The project manager and the team must "speak the same language" in order to work together. If they are not absolutely clear on all the terminology used in the project, chaos will reign. For example, to an engineer the term "quality" means "all parts for the product fall within the plus or minus tolerance specifications on design drawings." To the person leading the quality movement, "equaling or exceeding the expectations of the customer," is generally the interpretation. (This last statement raises this question: What is meant by 'the expectations of the customer?') To others, quality simply means a pleasant appearance. A product manager, however, may think of quality in terms of "99.6 percent of the products falling within specified tolerance limits defined in a performance-sampling test."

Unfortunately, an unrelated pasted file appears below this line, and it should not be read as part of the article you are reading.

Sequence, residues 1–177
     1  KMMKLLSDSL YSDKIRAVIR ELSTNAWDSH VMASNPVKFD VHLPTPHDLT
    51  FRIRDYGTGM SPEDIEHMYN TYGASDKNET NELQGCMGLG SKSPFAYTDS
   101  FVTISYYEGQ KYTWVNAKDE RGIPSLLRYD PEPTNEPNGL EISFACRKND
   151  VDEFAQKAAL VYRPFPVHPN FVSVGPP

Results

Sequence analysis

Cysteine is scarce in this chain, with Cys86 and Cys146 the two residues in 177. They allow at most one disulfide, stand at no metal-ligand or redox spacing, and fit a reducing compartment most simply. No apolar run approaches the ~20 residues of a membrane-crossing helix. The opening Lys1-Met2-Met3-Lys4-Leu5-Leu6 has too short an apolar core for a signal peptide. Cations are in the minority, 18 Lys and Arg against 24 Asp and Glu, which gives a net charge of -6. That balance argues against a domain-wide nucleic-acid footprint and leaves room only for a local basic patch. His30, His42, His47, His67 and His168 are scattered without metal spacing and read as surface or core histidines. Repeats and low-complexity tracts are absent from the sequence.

A project manager must never assume that the term "quality," or for that matter anything else he or she says to the team, will mean the same to them as it does to him or her! What is required to ascertain agreement between them is feedback.
Feedback is the give and take of information between the project manager and team members to clarify the meaning of terms. Team members must provide feedback to the project manager: During team meetings, they can ask for clarification of a term or statement, or they can restate the project manager's words differently to be certain that both parties agree on the meaning. (Even if fairly sure of the meaning of a key statement, a team member may request that it be restated.) The project manager must encourage team members to use feedback at all meetings to ensure that everyone understands the intended meaning of the terms and key statements.
Good communication requires a collaborative effort between the project manager and the team. It facilitates good decision-making and encourages cooperation.